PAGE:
One of the nice things about new GPU architectures is that they reduce to a compiler problem. It looks very likely that we'll soon be generating GL commands by using LLVM or similar as our compiler backend. So getting performance out of the card should be quite promising.

But this is a crystal ball question. It's impossible to say for certain that some feature will be implemented in six months. As with all the other drivers in Mesa, we endeavor to make them as fast and feature complete as we can. R500 is not going to be different in that regard.

r5xx graphics cards for lab computers?

Should people be ordering r5xx graphics with computers that are going into labs? Are new ATI/AMD cards now officially the "best" (regarding support) discrete graphics cards to buy en masse?

Re: r5xx graphics cards for lab computers?

It's not particularly politic to talk about whose hardware is the "best", in this sense. That's an endorsement, it's advertising, and more importantly it's anti-advertising for anyone you don't say is the best. That's a matter for forums, not developers.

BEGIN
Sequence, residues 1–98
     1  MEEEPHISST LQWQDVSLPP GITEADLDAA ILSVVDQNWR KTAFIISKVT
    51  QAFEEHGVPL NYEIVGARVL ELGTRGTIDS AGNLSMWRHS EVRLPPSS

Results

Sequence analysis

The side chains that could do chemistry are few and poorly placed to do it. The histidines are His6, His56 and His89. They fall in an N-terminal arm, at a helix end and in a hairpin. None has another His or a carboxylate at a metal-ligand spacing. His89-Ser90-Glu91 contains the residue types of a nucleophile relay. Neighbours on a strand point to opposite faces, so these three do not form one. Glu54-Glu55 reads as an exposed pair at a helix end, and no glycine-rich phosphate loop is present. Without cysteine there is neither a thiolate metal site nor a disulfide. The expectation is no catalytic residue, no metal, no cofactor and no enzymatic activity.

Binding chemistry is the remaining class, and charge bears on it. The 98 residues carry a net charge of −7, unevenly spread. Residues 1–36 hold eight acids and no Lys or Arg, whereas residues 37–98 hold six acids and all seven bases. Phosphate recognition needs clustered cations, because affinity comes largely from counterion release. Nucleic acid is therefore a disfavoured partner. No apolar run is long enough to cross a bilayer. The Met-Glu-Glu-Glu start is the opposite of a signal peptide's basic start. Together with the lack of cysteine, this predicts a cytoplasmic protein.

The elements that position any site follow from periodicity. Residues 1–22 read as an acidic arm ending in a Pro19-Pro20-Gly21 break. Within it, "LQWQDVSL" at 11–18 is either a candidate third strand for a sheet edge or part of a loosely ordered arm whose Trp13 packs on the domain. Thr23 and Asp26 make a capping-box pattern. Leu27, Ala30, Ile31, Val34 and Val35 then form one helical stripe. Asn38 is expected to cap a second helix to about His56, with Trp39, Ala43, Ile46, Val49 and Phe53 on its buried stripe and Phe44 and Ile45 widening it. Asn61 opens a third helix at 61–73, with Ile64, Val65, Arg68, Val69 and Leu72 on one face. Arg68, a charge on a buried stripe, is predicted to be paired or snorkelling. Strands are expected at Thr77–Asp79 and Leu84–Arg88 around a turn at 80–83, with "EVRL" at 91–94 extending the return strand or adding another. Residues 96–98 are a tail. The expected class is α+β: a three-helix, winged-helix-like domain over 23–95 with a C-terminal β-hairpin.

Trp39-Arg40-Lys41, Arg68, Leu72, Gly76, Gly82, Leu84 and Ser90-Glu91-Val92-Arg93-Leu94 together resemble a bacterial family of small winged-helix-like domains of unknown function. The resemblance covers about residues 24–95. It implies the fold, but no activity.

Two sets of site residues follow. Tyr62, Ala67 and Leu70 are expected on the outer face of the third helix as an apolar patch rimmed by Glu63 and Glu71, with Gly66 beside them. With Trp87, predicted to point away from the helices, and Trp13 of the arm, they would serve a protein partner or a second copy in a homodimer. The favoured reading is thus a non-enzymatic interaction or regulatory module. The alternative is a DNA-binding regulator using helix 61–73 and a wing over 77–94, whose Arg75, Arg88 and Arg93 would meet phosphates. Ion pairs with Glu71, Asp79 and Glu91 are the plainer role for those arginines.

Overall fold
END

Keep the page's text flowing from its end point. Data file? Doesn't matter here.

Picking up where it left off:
Pre-release driver support?

Will new, just-released ATI/AMD cards have "out of the box" (2D/3D/Video) in the last distro release in a year's time? If so what form will this take? Will it be compile your own drivers from a git tree or will compiled open source supporting the yet to be released card have already been shipped with the distro?

Re: Pre-release driver support?

Speaking only for Fedora here, but.